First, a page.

Kandace H. Main Post     Components and Utility of the Psychiatric Interview and The Brief Psychiatric Rating

Kandace H.

Main Post



Components and Utility of the Psychiatric Interview and The Brief Psychiatric Rating Scale  


The process of assessing and treating mental health requires a comprehensive psychiatric interview. During the interview, the patients give their history, a mental status examination, and a risk assessment. These assessments together provide a comprehensive understanding of their condition. The Brief Psychiatric Rating Scale also offers a reliable and valid method of assessing and tracking mental health symptoms. This discussion’s purpose is to identify the importance of these components and discuss the utility of the BPRS in psychiatric practice. 

A psychiatric interview consists of several critical elements, three of which are particularly important: history taking, the mental status examination (MSE), and risk evaluation (Ahmed, 2018, p. 149). The history-taking process involves gathering detailed information on the patient’s psychiatric, medical, social, and family background. Through this process, potential triggers, patterns, and comorbid conditions impacting a patient’s mental health can be identified, thus aiding in the formulation of a differential diagnosis. An MSE measures a patient’s cognitive, emotional, and behavioral functioning (Voss & Das, 2022). Aspects such as appearance, behavior, speech, mood, thoughts, perception, cognition, and insight are included. This assessment is crucial in diagnosing and monitoring mental health conditions as it identifies symptoms such as hallucinations, delusions, mood disturbances, and cognitive impairments. Assessing risk entails determining whether the patient is vulnerable to self-harm, harm to others, or neglect (Oldham, 2020). Among the topics it assesses are suicidal ideation, homicidal thoughts, substance abuse, and the safety of the home. The identification and management of risks are crucial to ensuring the safety of patients and others, for guiding clinical decisions regarding care levels, hospitalizations, and safety plans.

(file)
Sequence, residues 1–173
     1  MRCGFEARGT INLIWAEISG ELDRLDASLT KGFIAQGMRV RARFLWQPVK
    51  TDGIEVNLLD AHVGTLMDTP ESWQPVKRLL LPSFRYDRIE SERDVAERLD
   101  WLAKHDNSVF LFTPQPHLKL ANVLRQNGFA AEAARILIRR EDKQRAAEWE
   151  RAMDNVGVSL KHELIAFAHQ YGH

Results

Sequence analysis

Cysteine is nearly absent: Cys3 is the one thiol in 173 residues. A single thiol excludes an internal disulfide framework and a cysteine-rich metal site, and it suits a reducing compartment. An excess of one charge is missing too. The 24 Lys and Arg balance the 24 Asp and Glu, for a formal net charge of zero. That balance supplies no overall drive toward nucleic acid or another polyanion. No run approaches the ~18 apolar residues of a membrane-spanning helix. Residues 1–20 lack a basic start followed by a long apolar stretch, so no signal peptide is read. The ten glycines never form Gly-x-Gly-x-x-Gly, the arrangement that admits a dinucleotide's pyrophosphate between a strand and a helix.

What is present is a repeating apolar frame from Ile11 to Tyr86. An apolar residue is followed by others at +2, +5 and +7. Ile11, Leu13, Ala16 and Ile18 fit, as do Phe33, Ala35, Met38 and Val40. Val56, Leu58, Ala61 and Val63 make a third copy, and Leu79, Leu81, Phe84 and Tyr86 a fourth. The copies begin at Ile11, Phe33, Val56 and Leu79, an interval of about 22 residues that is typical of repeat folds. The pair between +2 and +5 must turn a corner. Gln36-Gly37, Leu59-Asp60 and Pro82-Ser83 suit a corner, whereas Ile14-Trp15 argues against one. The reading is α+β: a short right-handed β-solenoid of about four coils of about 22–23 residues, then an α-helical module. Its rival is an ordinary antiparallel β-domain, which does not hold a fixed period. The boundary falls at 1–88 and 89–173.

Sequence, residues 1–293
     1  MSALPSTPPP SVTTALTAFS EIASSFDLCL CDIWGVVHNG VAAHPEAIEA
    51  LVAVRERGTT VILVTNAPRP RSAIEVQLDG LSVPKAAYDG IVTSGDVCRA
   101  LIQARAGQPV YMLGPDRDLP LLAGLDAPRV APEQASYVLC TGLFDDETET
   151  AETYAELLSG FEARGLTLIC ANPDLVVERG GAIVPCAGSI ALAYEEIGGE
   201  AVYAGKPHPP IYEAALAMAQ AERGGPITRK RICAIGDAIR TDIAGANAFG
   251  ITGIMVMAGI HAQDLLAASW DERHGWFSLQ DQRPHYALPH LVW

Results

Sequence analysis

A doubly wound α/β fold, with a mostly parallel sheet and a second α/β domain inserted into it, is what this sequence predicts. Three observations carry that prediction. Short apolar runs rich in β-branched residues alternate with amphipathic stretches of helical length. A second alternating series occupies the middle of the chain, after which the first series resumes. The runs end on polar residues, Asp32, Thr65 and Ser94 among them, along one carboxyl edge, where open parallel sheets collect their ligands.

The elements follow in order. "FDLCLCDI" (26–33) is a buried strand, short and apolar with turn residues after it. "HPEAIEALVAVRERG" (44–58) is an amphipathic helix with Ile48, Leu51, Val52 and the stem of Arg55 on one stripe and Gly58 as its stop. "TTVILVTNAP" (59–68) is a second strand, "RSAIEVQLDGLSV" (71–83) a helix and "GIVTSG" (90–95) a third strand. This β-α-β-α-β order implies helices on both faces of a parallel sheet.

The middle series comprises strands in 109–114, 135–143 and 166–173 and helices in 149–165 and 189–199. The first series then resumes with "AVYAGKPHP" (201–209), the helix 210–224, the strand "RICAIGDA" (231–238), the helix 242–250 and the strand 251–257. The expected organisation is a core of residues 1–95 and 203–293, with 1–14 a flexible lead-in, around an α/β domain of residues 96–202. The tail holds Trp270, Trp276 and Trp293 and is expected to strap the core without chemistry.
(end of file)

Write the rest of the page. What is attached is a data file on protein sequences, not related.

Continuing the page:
Brief Psychiatric Rating Scale